Trials are regular and normal. Disappointment is inevitable. Failure is common. One skeptic rightly noted, “In times like these it’s good to remember that there have always been times like these.” If we expect a trouble-free life, we will never be satisfied.
However, the goal in life is not to avoid trouble and trial, but to learn to respond to those certainties in ways that honor God. That was the lesson the writer of Hebrews was building into his readers in chapter 11. The suffering endured by those readers was not indicative that they were wrong to trust God; God’s people have always endured hardship and the faithful follower of God is the one who persists in trusting God’s goodness and ultimate provision.
That is not the way our heart is naturally bent.
But that is the way our super-natural (redeemed) heart can and should be bent.
What are the circumstances that entice you to despair, to be despondent or depressed? When are you tempted to give up on the faith? What are the situations that seem impossible to overcome? How can you respond faithfully to the Lord? How can you evidence that you have not left Him but are still clinging to Him?
In verses 17-18 of Hebrews 11, the writer reflects on the faithful life of Abraham, who remembered the promises of God. His point from Abraham’s example? To remain faithful, remember God’s promises.
And in remembering those promises, also remember that God is faithful — not only to His people, but to Himself (2 Tim. 2:13). That is, He can do nothing in contrast to His nature. That means that He can make no promise that contradicts His character and He also must fulfill every promise He makes (or He will be a liar, in contrast to His nature of truth).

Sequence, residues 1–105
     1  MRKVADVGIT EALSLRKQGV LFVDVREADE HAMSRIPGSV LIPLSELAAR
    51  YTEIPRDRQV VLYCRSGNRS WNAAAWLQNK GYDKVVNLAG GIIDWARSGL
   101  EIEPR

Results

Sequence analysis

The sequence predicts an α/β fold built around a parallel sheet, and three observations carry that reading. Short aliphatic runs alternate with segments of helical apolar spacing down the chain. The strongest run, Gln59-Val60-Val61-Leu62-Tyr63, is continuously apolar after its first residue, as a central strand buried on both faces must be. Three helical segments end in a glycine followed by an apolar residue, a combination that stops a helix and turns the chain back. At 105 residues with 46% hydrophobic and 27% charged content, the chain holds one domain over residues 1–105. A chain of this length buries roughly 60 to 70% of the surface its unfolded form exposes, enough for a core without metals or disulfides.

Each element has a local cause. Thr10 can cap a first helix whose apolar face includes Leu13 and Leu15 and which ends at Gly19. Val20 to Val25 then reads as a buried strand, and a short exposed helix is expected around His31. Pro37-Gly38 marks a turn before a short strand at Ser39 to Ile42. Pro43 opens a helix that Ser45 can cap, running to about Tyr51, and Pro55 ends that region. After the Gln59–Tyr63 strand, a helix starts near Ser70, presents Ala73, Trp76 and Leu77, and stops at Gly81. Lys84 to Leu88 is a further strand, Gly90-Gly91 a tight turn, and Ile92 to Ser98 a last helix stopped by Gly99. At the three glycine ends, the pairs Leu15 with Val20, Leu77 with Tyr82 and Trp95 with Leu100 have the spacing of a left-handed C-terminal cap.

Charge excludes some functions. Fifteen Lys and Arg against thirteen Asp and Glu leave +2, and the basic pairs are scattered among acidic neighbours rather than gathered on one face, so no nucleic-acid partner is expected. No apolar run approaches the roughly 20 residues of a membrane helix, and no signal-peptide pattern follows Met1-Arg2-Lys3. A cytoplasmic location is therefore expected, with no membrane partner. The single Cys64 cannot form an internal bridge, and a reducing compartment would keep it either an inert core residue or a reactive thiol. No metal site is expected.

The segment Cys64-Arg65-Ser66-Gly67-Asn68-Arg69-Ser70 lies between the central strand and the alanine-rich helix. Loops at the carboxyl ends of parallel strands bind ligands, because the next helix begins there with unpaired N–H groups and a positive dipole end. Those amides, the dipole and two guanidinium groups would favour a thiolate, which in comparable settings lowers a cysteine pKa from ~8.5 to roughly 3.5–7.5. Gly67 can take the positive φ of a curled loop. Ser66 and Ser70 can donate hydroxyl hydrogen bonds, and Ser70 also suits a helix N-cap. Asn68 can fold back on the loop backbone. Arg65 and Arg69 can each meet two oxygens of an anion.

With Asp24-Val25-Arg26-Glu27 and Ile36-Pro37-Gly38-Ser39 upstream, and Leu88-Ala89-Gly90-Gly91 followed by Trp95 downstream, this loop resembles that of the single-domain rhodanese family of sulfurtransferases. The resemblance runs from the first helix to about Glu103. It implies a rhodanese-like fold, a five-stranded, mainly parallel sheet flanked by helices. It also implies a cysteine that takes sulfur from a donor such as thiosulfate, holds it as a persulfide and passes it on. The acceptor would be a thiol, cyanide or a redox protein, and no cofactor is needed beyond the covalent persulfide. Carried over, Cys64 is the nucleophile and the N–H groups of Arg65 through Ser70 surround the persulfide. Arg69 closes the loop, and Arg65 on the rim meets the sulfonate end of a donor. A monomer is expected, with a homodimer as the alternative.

When struggling in hard circumstances, more than getting out of the circumstances (which is not always wrong; consider 1 Pt. 1:1 — readers who scattered because of persecution, but were not condemned for running from the persecution), we need to remind ourselves of the One who will faithfully take us home at the end of our time on this earth (2 Tim. 4:17-18).
The writer not only reminds us in verses 17-18 that Abraham remembered God, but throughout the remainder of the book, he reminds us of some of God’s promises to His people. Consider just a few reminders of God’s promises in these chapters:
- When there is suffering, God has something better ahead (11:40).
- Jesus is the perfecter of our faith and He has secured His place on the throne which equips Him to be our perfecter (12:2).
- Even when we are disciplined, a godly response will produce the “peaceful fruit of righteousness” (12:11); that is, God will produce righteousness in us through our faithful response to suffering.
- The Kingdom in which we participate cannot be shaken or overthrown (12:22, 28). God is and always will be King and He will bring us into that Kingdom.
- God will never forsake those who are His (no matter how it appears, 13:5b-6, 14).
The writer also reminded the readers of their own earlier actions of faithfulness — they endured suffering and difficulty “knowing that you have for yourselves a better possession and a lasting one” (10:34; cf. also v. 36). When God promises to take His people to His heavenly kingdom, redeem them, free them from the bondage of sin, and loose them from the shackles of these weak and fleshly bodies, we can be fully confident that is exactly what God will do. He must fulfill His promises because of His nature.
So Abraham clung to God while enduring hardship — and the severe testing of the sacrifice of Isaac — because he trusted God’s promises. Abraham did not know how (he would escape the test) but he knew who (would see him through the test). When in the test, he remembered the nature of God and His promises. This same trusting response is what will protect and guide us when we are tested: remember God’s promises.